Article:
We've just replaced about 15 GU10 halogens and maybe 5 screw fitting CFLs with LEDs. Of course we were doing it for the utility mostly, 3 x 20W halogens in a bathroom isn't that bright but the LED replacements are more like 60W equivalent each for 9W power draw at the wall. Cost a couple of hundred to do but so worthwhile and it's always satisfying to replace a poor old CFL putting out 45W equivalent for a 100W equivalent LED that draws the same power.

    Haven't had enough time to see the effect on the electricity bill but it's gotta be good and we get more light! Only downside is it'll take 1500 hours for the LEDs to be better value than the bulbs they replace, we're gonna have to take them to our next flat to get our money's worth!
    Take them with you? I'd be expecting them to last 10 years
    Last edited by 3dcandy; 28-08-2015 at 01:25 PM. Reason: typo
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    Re: LED tech development could revolutionise lighting industry

    Quote Originally Posted by 3dcandy View Post
    Take them with you? I'd be expecting them to last 10 years
    As would I. I hope.

    That was a factor in using straight BC-fit bulbs that fit in existing light fittings rather than having to replace the fittings.

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    Re: LED tech development could revolutionise lighting industry

    I was an early adopter of LED bulbs. There's only 3 light sources in the entire house which aren't LED - and those are fluorescent tubes. I'm considering changing those, but haven't found one I'm happy with yet. We've seen a modest drop in the energy bills, so I'm not sure I've broken even yet, but on the upside I've never had one fail.

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    Re: LED tech development could revolutionise lighting industry

    So many developments in LED. My dads firm have pretty much spent the last 5 years developing a new process method which results in 90% of the max power output with the similar efficiency but at 70% of the cost.

    Got Philips and other firms on board so we should see this in the next year or two and maybe this other advancement will be out by then so we could see reallyncheap LEDs

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    Re: LED tech development could revolutionise lighting industry

    Quote Originally Posted by Saracen View Post
    Well, that looks promising.

    I just put some in the lounge, at £20 each. And optimally, I needed four. These were bayonet-fit direct replacements for conventional incandescent bulbs, but as they're on a dimmer switch, most LED bulbs, and CFl's, aren't suitable.

    My problem was a very suspect, strangely behaving dimmer switch. From a power meter I have on the household supply, I noticed that I was using about 40w MORE juice with that switch off, than I was on, but low, say 5-10%. So, 40-50w approx, every hour, day-in, day-out. It adds up.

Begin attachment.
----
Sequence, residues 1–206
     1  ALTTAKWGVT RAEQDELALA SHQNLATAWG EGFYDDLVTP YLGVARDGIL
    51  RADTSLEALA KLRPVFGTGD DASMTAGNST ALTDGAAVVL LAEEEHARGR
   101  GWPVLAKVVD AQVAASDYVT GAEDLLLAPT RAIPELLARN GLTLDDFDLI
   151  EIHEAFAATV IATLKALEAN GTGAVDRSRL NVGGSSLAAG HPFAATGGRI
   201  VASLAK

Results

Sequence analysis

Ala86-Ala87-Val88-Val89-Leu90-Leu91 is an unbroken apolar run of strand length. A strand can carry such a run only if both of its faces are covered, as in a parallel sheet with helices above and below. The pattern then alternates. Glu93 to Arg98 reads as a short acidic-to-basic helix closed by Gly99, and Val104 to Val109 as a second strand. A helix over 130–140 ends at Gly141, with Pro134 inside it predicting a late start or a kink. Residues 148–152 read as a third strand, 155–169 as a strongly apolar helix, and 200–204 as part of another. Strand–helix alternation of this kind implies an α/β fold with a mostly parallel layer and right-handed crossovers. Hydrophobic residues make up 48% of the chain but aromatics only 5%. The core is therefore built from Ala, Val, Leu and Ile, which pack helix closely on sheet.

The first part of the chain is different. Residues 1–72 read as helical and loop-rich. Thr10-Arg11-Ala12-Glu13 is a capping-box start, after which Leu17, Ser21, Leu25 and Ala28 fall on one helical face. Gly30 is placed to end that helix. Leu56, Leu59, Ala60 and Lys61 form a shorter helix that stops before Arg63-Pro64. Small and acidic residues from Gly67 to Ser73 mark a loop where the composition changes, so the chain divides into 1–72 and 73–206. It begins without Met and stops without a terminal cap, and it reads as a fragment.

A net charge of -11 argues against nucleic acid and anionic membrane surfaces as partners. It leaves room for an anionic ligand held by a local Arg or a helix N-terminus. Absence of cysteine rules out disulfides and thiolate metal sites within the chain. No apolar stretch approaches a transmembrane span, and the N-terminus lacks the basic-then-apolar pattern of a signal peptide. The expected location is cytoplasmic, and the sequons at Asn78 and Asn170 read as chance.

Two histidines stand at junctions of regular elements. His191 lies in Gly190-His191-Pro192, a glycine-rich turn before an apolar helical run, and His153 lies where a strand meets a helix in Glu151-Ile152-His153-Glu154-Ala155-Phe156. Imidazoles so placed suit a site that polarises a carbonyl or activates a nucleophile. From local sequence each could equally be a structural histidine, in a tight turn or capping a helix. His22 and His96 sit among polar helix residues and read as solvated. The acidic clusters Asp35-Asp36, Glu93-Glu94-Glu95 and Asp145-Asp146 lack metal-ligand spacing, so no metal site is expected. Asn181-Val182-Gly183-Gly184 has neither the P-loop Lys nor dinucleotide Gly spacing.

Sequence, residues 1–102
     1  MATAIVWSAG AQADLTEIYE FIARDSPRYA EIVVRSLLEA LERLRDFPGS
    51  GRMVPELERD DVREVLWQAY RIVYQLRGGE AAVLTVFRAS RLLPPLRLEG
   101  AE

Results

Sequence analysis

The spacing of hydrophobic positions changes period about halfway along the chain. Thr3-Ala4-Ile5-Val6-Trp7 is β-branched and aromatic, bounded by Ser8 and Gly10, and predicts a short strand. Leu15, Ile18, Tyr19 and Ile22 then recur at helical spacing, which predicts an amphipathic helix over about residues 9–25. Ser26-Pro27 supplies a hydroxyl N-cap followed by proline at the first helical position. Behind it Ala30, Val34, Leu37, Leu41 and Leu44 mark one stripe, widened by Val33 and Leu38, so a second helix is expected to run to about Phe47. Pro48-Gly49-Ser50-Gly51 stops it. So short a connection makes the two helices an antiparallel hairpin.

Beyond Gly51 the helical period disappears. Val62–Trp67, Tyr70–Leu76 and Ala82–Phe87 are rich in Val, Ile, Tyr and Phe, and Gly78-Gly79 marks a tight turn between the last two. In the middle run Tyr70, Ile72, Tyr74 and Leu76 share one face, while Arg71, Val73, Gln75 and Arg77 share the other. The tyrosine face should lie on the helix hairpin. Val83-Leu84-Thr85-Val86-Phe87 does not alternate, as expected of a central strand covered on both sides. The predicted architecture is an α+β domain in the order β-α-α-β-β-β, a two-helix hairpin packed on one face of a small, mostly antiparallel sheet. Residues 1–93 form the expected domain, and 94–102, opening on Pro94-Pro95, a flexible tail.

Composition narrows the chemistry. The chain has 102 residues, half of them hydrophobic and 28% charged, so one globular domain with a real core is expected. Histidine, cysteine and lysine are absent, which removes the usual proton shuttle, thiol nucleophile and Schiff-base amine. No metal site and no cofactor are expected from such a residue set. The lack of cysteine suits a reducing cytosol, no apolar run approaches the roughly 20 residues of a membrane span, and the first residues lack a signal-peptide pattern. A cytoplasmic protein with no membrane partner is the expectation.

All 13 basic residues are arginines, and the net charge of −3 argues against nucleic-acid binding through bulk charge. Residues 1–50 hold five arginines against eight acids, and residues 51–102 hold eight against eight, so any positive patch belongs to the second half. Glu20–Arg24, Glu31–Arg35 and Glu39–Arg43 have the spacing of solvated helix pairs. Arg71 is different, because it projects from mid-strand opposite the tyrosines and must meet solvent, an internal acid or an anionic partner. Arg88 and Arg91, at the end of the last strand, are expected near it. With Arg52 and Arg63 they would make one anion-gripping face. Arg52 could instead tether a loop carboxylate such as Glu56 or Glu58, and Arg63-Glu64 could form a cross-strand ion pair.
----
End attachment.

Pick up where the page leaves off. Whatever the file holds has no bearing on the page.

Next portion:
But I still wanted the dimmer capability. A direct switch replacement was off the order of £40 (double-gang dimmer) so I put in two BC-fit LED bulbs instead, but they are Wifi-dimmable via a little handheld remote, so I replaced the wall dimmer with a simple double-gang on-off switch.

    My overall, whole house average daily consumption dropped by about 20%. Before, my daily usage was typically 10-12 units, depending on washing machine usage, what cooking equipment was used, etc. After replacing switch and bulbs, typical daily usage is 7-9 units, once or twice hitting 10 units.

    So replacing that dimmer switch, and four 60w incandescent bulbs, with two dimmable LEDs, two CFl, and a simple £2 MK double-gang switch, knocked about 20 of my annual leccy bill. Flippin' 'eck.

    Most of the time, we use one of two light fittings, that being the one now with the LEDs. Occasionally, when we want very bright lights, we'd use all four, but many days, probably many weeks, go by without using the second pair at all, hence using CFl not another £40 worth of dimmabke LEDs. But at that 20% saving, I reckon the reduced leccy bills will oay for the bulbs in a few months, and certainly, less than a year.

    Oh, and their party trick? We can change colour temp on those LEDs by remote, too. Not colour (red, blue, mgreen, etc) but colour temp, as in cold-blue to warm-yellow. We use them on max yellow for 'normal', probably because we're used to it, but I go much cooler for reading, computer use, etc.

    My only real gripe is at £20 per bulb, plus a few quid for his and hers Wifi remotes, they ain't cheap. But they're great to use. So if this new tech drops the price in future, so much the better., Just be careful to pick the right colour temp if they aren't adjustable.